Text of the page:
Some People You Never Forget

It is the one year anniversary of when I took custody of Addis.  Once I got her, I was in Ethiopia for another 4 days. It was a bit odd, going out in public, with her…especially since I was by myself, my husband wasn’t on this trip & I was staying at a guest house (http://www.ethiocomfortguesthouse.com/) instead of our agency’s hotel with the rest of my travel group. Still, I enjoyed being out…I wanted to soak up as much of Ethiopia as I could.

Several Ethiopians questioned me…was I adopting her? where were her parents?…and I am sure there were many many more that would have liked to question me but didn’t. Everyone who asked I gave a short answer to and was very friendly with…I wanted to give them a good impression & have them know that a)this child was much loved & b) her new family had a love & respect for Ethiopia.

My very last night in Ethiopia I met a woman who I think about every single day. I gave her 30 (maybe 50?) birr….WHY did I not give her more??

In the city, especially on Bole (THE main street), many people congregate at places where they are likely to encounter foreigners (ferengi). Ferengi=$$.

I was leaving my agency’s house where I had spent the evening, stopped to buy diapers, & was waiting on Bole for my ride. As a white ferengi with an Ethiopian baby, I was getting a lot of attention. One young woman approached me asking about my baby…a man was trying to clear away people from me (which I suppose I should appreciate his concern, but I did not need it) & I had to be bold to make it known I chose to interact with her.

She looked about 18, but, those Ethiopians!, they often look younger than they are (and they are beautiful!). She was dressed in rags. Her hair was very short & not braided or “done”. She had a fine layer of dust all over her. After asking her questions & speaking to my baby, she told me that she would give me her baby. I asked her what baby, & it was only then that I noticed she was pregnant. She pantomimed giving birth to me, to ensure I understood her! & told me the baby was coming in one month. She told me she lived “there” which I understood as the street corner (and we did indeed see many a mother living on the sidewalk). She told me the father didn’t know of the baby “sex one time” & she couldn’t keep the baby.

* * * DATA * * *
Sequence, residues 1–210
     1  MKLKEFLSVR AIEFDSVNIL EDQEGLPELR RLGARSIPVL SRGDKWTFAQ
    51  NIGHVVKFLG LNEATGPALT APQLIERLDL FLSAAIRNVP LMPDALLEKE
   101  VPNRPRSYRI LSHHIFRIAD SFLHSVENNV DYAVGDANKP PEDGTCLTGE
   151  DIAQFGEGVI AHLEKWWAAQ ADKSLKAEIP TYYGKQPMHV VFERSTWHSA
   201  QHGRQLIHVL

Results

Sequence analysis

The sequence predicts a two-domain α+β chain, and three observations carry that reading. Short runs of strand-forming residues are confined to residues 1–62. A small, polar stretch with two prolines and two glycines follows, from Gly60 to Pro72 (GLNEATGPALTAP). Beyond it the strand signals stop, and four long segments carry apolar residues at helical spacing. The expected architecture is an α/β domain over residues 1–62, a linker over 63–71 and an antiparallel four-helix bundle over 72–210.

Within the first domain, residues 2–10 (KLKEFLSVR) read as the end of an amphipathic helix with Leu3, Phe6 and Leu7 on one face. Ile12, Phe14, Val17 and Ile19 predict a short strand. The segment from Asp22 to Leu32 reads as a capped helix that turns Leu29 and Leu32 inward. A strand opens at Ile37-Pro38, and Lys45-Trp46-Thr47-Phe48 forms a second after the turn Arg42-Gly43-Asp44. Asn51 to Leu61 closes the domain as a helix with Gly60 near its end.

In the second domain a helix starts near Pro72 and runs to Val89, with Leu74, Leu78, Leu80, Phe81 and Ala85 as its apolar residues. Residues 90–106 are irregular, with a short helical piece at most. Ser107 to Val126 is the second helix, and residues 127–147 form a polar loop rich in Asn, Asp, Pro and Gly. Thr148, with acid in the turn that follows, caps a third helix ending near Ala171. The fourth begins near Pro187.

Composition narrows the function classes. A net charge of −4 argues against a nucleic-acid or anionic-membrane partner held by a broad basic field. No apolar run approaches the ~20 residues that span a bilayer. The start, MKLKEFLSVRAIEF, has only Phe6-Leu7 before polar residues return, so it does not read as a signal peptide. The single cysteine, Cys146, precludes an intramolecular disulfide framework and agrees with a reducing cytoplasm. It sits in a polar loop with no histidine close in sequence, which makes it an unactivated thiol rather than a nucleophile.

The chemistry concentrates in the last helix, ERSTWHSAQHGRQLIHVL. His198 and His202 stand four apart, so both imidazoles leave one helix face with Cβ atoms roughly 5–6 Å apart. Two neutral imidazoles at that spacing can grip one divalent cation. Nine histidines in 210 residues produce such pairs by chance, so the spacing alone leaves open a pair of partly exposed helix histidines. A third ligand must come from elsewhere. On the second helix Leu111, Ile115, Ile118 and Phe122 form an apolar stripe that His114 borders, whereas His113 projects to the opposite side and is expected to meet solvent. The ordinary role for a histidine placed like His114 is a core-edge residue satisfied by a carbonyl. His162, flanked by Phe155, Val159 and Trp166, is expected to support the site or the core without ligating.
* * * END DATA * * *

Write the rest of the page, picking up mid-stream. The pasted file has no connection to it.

About then, my ride appeared. I had to go. My head was spinning…I didn’t know what to do with this information. So I did. Nothing. I gave her some $$. I put my hand on her stomach & asked her to love her baby & said I would pray for her. Her baby would be 11 months old right now. Please pray for them both.

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About tycobeans
I'm a mom of 3, two bio teens & a little princess from Ethiopia. We have lived all over, but are now settled in Utah. Mostly I'll be sharing about our family life, I hope I have something to say that you enjoy!

5 Responses to Some People You Never Forget

  1. critters and crayons says:

    Oh, That is SOOO sad! It is hard to not want to fix the world. Very nice post-

  2. tycobeans says:

    Thank you! It was a life-changing experience.

  3. ranton2011 says:

    I would never be able to get her out of my mind either. That was very powerful for you I can only imagine the bittersweet taste it must have left. I will pray for her. All of those like her as well.

  4. mony says:

    Pray for her, all will be good soon. We believe life will be better.

  5. Ewnetu says:

    It is very great what you are doing.
    I am Ethiopian, who is now doing my Graduate studies here in States. I have worked in projects that involve promoting support for street children, helping link adopters and biological families of the adopted children, etc.

    I had a chance to closely see and be part of several sad and fascinating stories around such families. A year before I got here, I was working on a small project where a good American friend of mine and I had to find the biological mother of an adopted baby. The lady who adopted the child wants to maintain connection with the Ethiopian family, make sure they are all alright and help a little. My friend and I had no enough information about the mothers whereabouts in Ethiopia. We had to search between two towns in Southern part of Ethiopia, named Hawassa and Dilla. My American friend had a misspelled name of the neighborhood and everyone told us there is no such place around there. After several challenges, guesses and adventures we found the neighborhood, we found the mother. When we found her, she was in such a position where she has been told she will have to marry her dead husbands brother because that is the local tradition. She was against this idea and already suffering from social discrimination as a result.

    She has two children with her (a boy and a girl). They were all living in her father inlaw’s house. She was a courageous, brilliant, minded, positive, hard working and creative woman. I feel happy to have helped her get out of that social mess and move her and establish her in the capital city of the region, Hawassa as a business woman.

    [a lot in between and many more to continue… ]

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